That quick game Frogger to “loosen you up” before you get working, that always ends up being 6 hours of Frogger –– that’s a habit. And as you know, habits like that can be hard to break — which is one of the reasons why habits are so important in the first place.

                      Once you’ve replaced an unproductive habit with a more productive one, the new habit will be just as hard to break as the old one was. Getting there, though, can be a chore!

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                      The old saw about anything you do for 21 days becoming a habit has been pretty much discredited, but there is a kernel of truth there — anything you do long enough becomes an ingrained behavior, a habit. Some people pick up habits quickly, others over a longer time span, but eventually, the behaviors become automatic.

                      Building productive habits, then, is a matter of repeating a desired behavior over a long enough period of time that you start doing it without thinking.

                      But how do you remember to do that? And what about the things that don’t need to be habits — the one-off events, like taking your paycheck stubs to your mortgage banker or making a particular phone call?

                      The trick to reminding yourself often enough for something to become a habit, or just that one time that you need to do something, is to interrupt yourself in some way in a way that triggers the desired behavior.

                      The Wonderful Thing About Triggers — Reminders

                      A trigger is anything that you put “in your way” to remind you to do something. The best triggers are related in some way to the behavior you want to produce.

                      For instance, if you want to remember to take something to work that you wouldn’t normally take, you might place it in front of the door so you have to pick it up to get out of your house.

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                      But anything that catches your attention and reminds you to do something can be a trigger. An alarm clock or kitchen timer is a perfect example — when the bell rings, you know to wake up or take the quiche out of the oven. (Hopefully you remember which trigger goes with which behavior!)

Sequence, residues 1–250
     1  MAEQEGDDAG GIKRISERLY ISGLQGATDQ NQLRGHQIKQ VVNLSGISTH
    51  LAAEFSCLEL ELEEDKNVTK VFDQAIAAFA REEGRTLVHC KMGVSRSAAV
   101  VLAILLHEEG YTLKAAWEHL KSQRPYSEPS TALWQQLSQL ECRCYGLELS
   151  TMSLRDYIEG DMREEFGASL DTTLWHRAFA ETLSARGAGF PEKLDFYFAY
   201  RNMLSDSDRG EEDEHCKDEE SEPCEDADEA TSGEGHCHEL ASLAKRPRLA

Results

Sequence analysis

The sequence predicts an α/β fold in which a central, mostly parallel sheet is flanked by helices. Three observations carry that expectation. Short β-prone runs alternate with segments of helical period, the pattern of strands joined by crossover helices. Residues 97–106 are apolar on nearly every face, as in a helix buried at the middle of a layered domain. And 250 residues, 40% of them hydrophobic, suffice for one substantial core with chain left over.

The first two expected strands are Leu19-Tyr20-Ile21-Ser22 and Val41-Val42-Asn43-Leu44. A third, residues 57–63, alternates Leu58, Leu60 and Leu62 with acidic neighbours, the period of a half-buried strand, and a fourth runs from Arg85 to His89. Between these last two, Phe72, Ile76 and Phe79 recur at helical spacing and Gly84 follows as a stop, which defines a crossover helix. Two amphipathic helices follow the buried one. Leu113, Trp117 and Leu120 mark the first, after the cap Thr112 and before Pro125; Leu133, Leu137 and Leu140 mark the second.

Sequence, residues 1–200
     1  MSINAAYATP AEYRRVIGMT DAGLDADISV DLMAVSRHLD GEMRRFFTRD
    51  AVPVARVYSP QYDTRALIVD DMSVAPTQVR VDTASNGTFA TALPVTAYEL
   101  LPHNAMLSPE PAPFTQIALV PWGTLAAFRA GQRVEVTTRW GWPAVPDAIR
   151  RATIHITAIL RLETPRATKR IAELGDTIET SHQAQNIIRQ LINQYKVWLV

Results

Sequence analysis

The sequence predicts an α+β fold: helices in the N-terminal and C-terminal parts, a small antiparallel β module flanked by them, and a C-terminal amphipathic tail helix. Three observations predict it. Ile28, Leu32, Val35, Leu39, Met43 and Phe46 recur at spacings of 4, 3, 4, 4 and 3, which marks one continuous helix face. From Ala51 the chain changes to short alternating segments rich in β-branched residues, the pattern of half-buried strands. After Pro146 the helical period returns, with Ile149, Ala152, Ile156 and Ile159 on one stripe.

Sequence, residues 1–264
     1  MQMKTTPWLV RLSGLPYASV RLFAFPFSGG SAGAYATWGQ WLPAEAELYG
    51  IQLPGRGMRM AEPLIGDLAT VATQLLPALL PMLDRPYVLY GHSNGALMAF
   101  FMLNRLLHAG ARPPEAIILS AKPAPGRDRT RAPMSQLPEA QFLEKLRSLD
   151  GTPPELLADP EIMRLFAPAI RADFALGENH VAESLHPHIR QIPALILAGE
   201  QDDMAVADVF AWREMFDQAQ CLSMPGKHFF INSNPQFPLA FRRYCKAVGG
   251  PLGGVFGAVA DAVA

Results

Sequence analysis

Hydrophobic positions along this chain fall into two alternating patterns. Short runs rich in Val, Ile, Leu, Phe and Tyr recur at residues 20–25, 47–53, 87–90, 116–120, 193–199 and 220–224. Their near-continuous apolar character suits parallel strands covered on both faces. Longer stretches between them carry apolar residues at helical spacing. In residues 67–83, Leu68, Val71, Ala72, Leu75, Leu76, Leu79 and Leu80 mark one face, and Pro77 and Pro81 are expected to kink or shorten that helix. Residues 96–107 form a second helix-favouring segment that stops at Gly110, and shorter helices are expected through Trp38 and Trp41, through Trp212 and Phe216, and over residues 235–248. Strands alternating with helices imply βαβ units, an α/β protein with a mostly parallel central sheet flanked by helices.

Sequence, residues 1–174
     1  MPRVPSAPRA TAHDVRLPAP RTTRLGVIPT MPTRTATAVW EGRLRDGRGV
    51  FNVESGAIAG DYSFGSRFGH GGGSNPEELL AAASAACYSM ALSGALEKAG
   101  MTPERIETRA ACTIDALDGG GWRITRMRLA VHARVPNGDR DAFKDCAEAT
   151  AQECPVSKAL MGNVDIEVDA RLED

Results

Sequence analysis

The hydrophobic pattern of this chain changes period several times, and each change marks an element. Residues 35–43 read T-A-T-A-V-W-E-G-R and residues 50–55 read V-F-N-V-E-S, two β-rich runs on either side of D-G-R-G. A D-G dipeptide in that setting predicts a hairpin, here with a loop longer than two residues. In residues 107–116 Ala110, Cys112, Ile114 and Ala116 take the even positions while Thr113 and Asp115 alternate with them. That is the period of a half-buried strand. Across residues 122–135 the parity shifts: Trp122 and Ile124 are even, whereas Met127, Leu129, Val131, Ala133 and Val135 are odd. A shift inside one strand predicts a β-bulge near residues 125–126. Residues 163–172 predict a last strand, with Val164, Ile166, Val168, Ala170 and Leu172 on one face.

If you want to instill a habit, the thing to do is to place a trigger in your path to remind you to do whatever it is you’re trying to make into a habit — and keep it there until you realize that you’ve already done the thing it’s supposed to remind you of.

                      For instance, a post-it saying “count your calories” placed on the refrigerator door (or maybe on your favorite sugary snack itself)  can help you remember that you’re supposed to be cutting back — until one day you realize that you don’t need to be reminded anymore.

                      These triggers all require a lot of forethought, though — you have to remember that you need to remember something in the first place.

                      For a lot of tasks, the best reminder is one that’s completely automated — you set it up and then forget about it, trusting the trigger to pop up when you need it.

                      How to Make a Reminder Works for You

                      Computers and ubiquity of mobile Internet-connected devices make it possible to set up automatic triggers for just about anything.

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                      Desktop software like Outlook will pop up reminders on your desktop screen, and most online services go an extra step and send reminders via email or SMS text message — just the thing to keep you on track. Sandy, for example, just does automatic reminders.

                      Automated reminders can help you build habits — but it can also help you remember things that are too important to be trusted even to habit. Diabetics who need to take their insulin, HIV patients whose medication must be taken at an exact time in a precise order, phone calls that have to be made exactly on time, and other crucial events require triggers even when the habit is already in place.

                      My advice is to set reminders for just about everything — have them sent to your mobile phone in some way (either through a built-in calendar or an online service that sends updates) so you never have to think about it — and never have to worry about forgetting.

                      Your weekly review is a good time to enter new reminders for the coming weeks or months. I simply don’t want to think about what I’m supposed to be doing; I want to be reminded so I can think just about actually doing it.

                      I tend to use my calendar for reminders, mostly, though I do like Sandy quite a bit.

                      More on Building Habits

                      Featured photo credit: Unsplash via unsplash.com

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                      Reference

                      [1] Getting Things Done: Trusted System